leader and firm training." These attributes are certainly
observable in my Rottweilers but many more attributes are seen
as well. I personally have never found them imposing but do see
how strangers would. They do have their moments as they grow.
They do go through a 'headstrong' stage around 18 months of age
but they are just acting like teenagers and in general I would
describe them more as 'wanting to please' than headstrong.
Totally agree with the last sentence of the NZKC. description
but more because they are a powerful breed and thrive well under
the guidance of a strong personality.
traditional roles of herding and carrying the butchers money to
the bank have long since past, there are still many Rottweilers
used in the farming communities for herding amongst other tasks.
The Rottweiler is more suitable as a family member, security
worker or police dog today. They do require human contact and
become depressed without it. Spending time with their owners is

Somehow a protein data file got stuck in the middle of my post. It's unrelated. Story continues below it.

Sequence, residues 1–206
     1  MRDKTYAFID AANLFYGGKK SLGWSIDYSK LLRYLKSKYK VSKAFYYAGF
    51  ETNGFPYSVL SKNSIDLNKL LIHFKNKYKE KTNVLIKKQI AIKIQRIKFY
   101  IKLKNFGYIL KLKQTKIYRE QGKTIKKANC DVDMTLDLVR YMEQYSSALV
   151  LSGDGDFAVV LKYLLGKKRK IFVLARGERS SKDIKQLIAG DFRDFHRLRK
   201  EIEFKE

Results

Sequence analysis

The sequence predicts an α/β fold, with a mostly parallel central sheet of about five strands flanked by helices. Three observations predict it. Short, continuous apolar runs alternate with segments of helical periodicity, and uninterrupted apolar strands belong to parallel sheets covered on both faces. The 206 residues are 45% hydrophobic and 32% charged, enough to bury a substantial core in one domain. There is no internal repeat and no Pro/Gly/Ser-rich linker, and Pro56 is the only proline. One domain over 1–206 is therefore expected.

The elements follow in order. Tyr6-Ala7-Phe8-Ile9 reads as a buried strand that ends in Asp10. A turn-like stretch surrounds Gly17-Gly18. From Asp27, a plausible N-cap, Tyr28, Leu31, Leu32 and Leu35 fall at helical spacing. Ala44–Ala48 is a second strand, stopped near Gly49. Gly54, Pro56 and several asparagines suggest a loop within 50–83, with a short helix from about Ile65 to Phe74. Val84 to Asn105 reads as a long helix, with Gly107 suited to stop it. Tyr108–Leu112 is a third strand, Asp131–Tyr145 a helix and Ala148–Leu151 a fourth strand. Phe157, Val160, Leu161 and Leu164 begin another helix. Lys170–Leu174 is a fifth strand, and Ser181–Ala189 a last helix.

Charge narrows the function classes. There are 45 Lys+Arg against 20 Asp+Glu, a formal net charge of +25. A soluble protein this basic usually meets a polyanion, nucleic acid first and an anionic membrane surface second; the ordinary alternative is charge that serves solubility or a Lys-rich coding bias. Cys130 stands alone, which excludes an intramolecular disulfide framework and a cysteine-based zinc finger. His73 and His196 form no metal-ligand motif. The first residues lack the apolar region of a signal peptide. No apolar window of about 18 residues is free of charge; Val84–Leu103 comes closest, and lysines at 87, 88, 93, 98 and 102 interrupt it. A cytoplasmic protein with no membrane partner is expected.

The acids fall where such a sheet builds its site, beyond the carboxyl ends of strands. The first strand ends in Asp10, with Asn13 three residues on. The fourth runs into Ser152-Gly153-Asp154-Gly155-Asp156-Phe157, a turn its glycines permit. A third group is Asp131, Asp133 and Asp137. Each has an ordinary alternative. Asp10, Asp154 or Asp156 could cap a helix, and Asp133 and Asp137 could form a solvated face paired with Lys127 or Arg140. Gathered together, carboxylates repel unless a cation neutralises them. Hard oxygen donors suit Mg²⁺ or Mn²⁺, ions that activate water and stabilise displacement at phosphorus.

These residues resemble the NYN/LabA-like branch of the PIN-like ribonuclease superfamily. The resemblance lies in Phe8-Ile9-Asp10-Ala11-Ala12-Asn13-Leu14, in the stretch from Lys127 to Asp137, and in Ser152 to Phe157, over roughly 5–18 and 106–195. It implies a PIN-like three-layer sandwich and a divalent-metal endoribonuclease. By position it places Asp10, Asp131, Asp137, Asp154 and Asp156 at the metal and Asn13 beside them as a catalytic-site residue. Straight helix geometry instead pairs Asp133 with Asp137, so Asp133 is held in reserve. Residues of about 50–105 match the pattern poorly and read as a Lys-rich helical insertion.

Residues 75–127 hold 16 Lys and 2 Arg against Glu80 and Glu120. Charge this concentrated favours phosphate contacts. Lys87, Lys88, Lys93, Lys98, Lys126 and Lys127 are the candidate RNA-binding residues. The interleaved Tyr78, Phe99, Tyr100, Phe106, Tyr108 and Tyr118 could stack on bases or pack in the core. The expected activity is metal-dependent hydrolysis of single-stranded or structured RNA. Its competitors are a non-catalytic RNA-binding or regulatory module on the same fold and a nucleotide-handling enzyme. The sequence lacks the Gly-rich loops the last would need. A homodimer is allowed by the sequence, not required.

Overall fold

probably when they are at their happiest. Although my three love
to play with each other as well as for no other reason than, the
tyre suspended from a tree and need to be shown who is the boss.
It is usually the tire.
HEALTH AND LIFESPAN
Happy Rottweilers live
longer than sad ones I am sure. In general being big dogs they
have a shorter life span than the smaller breeds. Usually 9 to
12 years would be normal in my experience. Although my first
Rottweiler 'Karma' lived until she was thirteen years old.
Generally a very healthy breed. Especially Rottweilers from
discerning breeders who understand the breed and breed them with
the breed's future and longevity in mind, by pairing only
healthy animals from strong backgrounds.
Many common diseases
affect the Rottweiler but not more than any other breed, with